The Secret Heart Health Benefits of Strawberries: Study

Eating strawberries may help improve heart health in several ways, according to research presented at the recent 9th Biennial Berry Health Benefits Symposium (BHBS).

A study presented at BHBS found that strawberries improved vascular function just one hour after consumption. published Journal of NutritionThe study was conducted by researchers at the Illinois Institute of Technology on a group of 34 men and women who had moderate hypercholesterolemia – meaning they had very high levels of low-density lipoprotein (LDL), or bad cholesterol.

Study participants were divided equally into two groups: one who consumed a drink with freeze-dried strawberry powder twice daily and the other who consumed a control drink. Although the researchers noted that the study was limited, their results suggest that consistent strawberry consumption may improve endothelial function and blood pressure in people with high cholesterol.


Findings like these can help educate consumers about the importance of eating fresh fruits like strawberries to promote optimal heart health and reduce the risk of diet-related illness.

According to Brit Burton-Freeman, Ph.D., professor at Illinois Institute of Technology and BHBS, “The Global Burden of Disease (GBD) study found that diets low in fruit are the top three risk factors for cardiovascular disease and diabetes.” In a statement, the chair of the Heart and Healthy Aging session.

“To address the ‘fruit gap’ we need to increase the variety of fruit in our diet as well as the total amount of fruit consumed,” Burton-Freeman said. “Accumulating evidence in cardiometabolic health suggests that one cup of strawberries per day may show beneficial effects.”

Other Health Benefits of Strawberries

Strawberries may also play a role in improving insulin resistance, an important factor in maintaining healthy blood sugar levels, according to another study cited in BHBS.

Published in scientific journals nutrients This 14-week randomized controlled crossover study was conducted by researchers from multiple universities interested in studying the effect of strawberry consumption on lipid profiles and elevated serum LDL cholesterol levels in 33 obese adults.

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The researchers used “dietary achievable doses of strawberries” to make their findings easier to implement. At a daily dose of 2.5 servings of strawberries (given in powdered form), researchers found improvements in insulin resistance and moderate improvements in high-density lipoprotein (HDL) particle size, which has public health implications for the treatment of type 2 diabetes. .

“Our research supports the hypothesis that strawberry consumption may improve cardiometabolic risk,” Arpita Basu, PhD, RDN, associate professor at the University of Nevada, Las Vegas, said in a statement.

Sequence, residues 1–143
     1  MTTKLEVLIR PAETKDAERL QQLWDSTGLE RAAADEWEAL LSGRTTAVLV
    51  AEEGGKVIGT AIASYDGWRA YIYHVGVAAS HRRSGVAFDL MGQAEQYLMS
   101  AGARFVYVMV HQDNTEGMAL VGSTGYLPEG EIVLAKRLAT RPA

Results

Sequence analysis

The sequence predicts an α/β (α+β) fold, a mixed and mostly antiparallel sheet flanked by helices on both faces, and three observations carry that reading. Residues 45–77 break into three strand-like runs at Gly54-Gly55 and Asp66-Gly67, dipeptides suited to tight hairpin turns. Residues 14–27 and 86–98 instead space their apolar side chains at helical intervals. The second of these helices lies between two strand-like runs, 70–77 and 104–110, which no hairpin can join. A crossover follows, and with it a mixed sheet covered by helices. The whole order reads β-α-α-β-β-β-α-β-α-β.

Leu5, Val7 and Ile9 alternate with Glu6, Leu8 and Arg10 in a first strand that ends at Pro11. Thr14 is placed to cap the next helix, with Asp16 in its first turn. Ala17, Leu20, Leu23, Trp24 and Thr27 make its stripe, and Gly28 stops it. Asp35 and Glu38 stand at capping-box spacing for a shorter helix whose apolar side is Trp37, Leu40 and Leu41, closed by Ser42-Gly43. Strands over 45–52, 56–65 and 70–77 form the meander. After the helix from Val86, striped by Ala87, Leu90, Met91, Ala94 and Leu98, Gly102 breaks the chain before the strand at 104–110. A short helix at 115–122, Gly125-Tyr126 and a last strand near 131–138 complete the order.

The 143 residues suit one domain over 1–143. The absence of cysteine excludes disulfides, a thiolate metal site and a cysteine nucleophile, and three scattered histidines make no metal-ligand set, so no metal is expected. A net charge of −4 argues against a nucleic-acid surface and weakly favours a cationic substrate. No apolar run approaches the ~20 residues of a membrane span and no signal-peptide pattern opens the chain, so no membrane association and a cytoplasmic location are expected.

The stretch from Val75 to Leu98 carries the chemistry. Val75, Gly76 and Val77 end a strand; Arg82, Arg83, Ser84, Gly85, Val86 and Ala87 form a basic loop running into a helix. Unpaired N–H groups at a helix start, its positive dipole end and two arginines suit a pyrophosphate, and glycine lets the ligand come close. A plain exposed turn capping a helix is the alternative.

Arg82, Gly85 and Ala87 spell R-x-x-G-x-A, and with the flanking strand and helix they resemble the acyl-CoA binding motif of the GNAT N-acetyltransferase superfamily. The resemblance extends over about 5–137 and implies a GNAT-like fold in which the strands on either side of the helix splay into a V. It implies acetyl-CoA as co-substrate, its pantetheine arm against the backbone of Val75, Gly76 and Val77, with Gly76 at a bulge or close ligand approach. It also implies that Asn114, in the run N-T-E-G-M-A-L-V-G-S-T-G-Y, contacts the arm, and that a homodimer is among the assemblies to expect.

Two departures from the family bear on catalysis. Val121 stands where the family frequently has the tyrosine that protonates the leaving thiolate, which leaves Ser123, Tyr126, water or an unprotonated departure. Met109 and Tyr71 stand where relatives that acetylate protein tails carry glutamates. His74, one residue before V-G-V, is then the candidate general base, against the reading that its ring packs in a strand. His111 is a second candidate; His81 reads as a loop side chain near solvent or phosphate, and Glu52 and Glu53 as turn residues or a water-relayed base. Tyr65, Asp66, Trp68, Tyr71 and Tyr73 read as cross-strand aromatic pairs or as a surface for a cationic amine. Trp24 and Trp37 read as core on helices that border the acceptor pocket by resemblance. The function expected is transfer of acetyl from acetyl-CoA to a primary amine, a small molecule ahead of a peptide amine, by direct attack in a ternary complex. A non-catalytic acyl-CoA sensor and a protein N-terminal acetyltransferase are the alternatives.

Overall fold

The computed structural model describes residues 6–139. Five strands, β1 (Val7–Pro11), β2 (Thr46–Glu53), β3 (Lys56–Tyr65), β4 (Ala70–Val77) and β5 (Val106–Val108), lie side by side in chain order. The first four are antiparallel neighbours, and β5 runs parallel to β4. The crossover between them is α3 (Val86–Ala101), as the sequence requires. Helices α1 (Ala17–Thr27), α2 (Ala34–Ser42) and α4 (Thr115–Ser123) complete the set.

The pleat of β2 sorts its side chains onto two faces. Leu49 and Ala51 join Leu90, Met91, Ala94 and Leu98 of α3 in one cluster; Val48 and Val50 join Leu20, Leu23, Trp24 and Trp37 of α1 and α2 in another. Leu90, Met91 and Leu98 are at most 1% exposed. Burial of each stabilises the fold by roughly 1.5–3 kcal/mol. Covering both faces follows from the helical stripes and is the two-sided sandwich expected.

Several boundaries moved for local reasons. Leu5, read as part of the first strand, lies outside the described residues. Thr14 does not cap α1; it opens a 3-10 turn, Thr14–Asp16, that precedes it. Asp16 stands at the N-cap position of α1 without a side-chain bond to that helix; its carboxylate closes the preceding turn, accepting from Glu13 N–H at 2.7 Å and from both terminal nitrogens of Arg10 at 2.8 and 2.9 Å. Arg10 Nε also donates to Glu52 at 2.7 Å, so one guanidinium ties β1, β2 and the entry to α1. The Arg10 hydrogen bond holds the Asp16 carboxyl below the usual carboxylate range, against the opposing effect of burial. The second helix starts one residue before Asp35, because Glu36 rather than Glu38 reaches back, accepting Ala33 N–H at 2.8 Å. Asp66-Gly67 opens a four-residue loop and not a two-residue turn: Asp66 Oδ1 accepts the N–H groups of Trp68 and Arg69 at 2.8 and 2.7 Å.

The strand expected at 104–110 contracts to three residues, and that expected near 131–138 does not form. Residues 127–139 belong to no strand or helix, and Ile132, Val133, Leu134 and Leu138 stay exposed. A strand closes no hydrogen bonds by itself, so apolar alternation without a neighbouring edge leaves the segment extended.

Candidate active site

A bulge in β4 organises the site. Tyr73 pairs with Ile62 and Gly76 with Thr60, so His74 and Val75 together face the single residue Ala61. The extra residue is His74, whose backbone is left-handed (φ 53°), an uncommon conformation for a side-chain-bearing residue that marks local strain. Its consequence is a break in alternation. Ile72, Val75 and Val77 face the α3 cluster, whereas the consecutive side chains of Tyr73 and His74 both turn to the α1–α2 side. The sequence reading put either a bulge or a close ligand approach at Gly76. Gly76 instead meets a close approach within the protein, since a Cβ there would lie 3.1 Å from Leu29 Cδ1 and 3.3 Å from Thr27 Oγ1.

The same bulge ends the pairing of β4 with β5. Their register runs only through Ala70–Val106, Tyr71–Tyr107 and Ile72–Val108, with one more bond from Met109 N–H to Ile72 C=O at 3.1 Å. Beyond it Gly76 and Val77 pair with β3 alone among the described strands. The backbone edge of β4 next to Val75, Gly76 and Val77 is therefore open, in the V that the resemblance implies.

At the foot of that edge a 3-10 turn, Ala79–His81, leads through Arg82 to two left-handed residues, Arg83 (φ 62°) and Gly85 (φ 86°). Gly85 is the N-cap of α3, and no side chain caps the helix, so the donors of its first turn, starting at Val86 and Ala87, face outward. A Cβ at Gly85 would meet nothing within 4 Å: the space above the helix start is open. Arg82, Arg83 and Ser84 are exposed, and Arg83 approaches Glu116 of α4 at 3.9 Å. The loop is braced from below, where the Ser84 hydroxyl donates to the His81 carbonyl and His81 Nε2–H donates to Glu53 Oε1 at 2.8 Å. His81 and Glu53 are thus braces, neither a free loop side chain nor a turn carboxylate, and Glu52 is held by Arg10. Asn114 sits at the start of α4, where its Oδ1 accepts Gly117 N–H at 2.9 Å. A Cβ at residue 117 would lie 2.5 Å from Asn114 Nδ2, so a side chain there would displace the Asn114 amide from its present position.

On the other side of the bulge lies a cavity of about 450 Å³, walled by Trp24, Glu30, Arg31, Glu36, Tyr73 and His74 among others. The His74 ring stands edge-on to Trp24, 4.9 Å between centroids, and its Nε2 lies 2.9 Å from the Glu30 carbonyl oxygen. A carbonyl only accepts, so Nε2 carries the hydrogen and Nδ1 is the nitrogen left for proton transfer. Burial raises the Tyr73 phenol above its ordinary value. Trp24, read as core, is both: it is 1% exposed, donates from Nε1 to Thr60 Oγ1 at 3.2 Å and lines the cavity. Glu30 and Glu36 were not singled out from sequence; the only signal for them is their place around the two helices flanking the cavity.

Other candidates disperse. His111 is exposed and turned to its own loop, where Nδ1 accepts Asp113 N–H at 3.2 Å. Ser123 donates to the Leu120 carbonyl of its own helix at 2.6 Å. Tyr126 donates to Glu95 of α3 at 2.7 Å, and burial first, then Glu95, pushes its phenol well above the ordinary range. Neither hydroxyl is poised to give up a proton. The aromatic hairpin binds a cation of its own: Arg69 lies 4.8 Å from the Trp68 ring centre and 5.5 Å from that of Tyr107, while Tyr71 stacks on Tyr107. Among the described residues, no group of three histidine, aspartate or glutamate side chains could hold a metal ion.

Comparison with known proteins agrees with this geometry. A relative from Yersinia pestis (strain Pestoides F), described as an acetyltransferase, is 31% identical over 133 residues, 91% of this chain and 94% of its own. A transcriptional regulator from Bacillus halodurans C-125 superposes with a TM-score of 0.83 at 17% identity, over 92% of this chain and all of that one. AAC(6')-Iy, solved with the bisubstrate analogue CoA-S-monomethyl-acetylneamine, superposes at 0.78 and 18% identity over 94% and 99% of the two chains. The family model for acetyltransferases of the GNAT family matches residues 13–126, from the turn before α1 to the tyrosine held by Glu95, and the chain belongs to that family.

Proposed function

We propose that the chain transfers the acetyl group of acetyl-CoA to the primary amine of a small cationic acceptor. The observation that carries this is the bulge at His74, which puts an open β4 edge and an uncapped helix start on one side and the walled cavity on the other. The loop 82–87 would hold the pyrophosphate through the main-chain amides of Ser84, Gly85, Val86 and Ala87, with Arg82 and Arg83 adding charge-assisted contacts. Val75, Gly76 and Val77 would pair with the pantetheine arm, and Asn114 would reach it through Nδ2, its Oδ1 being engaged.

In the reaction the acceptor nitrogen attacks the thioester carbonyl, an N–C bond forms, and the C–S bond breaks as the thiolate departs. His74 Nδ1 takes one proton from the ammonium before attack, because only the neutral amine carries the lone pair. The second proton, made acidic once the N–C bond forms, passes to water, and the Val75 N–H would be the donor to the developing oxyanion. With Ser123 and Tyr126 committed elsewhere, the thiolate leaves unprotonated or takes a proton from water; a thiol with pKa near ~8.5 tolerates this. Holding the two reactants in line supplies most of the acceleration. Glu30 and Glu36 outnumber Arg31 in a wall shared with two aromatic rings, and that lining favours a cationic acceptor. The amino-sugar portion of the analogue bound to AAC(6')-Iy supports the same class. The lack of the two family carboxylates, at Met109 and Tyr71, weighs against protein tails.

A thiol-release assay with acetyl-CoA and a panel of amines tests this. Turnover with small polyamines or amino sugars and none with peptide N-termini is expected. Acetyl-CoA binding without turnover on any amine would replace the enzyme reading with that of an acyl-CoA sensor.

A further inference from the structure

“Furthermore, we believe this evidence supports the role of strawberries in a ‘food as medicine’ approach to preventing type 2 diabetes and cardiovascular disease in adults,” Basu said.

Although researchers did not report any conflicts in the study cited during the BHBS, the study was supported by the California Strawberry Commission, a 300-member group of growers, shippers and processors who work together to advance strawberry farming.

Diet and heart health

Strawberries aren’t the only plant-based foods with bioactive compounds that can improve heart health. A growing body of research supports that soybeans have cholesterol-lowering and lipid-regulating effects.

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A recent study conducted by researchers at the University of Illinois Urbana-Champaign looked at specific soybean proteins—glycinin and b-conglycinin—to better understand their role in cholesterol metabolism.

Their findings confirmed that these proteins have the potential to lower LDL cholesterol levels and reduce the risk of metabolic diseases such as atherosclerosis – which leads to heart disease and fatty liver disease.

Beyond specific foods, a plant-rich diet in general is also associated with improved heart health. A 2021 study was published Journal of the American Heart Association revealed that diets focused on nutrient-dense plant foods helped young adults maintain a healthy heart, reducing their risk of cardiovascular disease by 52 percent.


An interesting finding in this 32-year study was that participants who switched to a plant-based diet later in life gained heart-protective benefits regardless of the quality of their original diet.

In contrast, eating one serving of red meat can significantly increase the risk of heart disease. A comprehensive study published in the Medical Journal last year Arteriosclerosis, thrombosis and vascular biology It has been found that eating and digesting red meat results in certain gut bacteria metabolism that increases the risk of cardiovascular disease by up to 22 percent.

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